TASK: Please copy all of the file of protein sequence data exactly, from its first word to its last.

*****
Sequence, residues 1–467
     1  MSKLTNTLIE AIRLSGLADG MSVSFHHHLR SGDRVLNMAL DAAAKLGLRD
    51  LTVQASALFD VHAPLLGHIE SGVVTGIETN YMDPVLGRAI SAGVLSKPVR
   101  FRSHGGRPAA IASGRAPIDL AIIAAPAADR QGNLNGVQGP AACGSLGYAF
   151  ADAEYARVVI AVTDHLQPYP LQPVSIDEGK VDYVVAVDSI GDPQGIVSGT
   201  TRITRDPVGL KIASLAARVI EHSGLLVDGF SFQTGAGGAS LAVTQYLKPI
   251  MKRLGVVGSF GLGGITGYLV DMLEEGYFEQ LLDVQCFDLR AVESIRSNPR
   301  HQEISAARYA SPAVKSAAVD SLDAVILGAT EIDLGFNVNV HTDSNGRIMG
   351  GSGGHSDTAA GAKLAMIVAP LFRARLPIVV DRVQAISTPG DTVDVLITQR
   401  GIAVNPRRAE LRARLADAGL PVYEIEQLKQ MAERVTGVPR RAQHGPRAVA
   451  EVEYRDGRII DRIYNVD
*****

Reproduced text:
Sequence, residues 1–467
     1  MSKLTNTLIE AIRLSGLADG MSVSFHHHLR SGDRVLNMAL DAAAKLGLRD
    51  LTVQASALFD VHAPLLGHIE SGVVTGIETN YMDPVLGRAI SAGVLSKPVR
   101  FRSHGGRPAA IASGRAPIDL AIIAAPAADR QGNLNGVQGP AACGSLGYAF
   151  ADAEYARVVI AVTDHLQPYP LQPVSIDEGK VDYVVAVDSI GDPQGIVSGT
   201  TRITRDPVGL KIASLAARVI EHSGLLVDGF SFQTGAGGAS LAVTQYLKPI
   251  MKRLGVVGSF GLGGITGYLV DMLEEGYFEQ LLDVQCFDLR AVESIRSNPR
   301  HQEISAARYA SPAVKSAAVD SLDAVILGAT EIDLGFNVNV HTDSNGRIMG
   351  GSGGHSDTAA GAKLAMIVAP LFRARLPIVV DRVQAISTPG DTVDVLITQR
   401  GIAVNPRRAE LRARLADAGL PVYEIEQLKQ MAERVTGVPR RAQHGPRAVA
   451  EVEYRDGRII DRIYNVD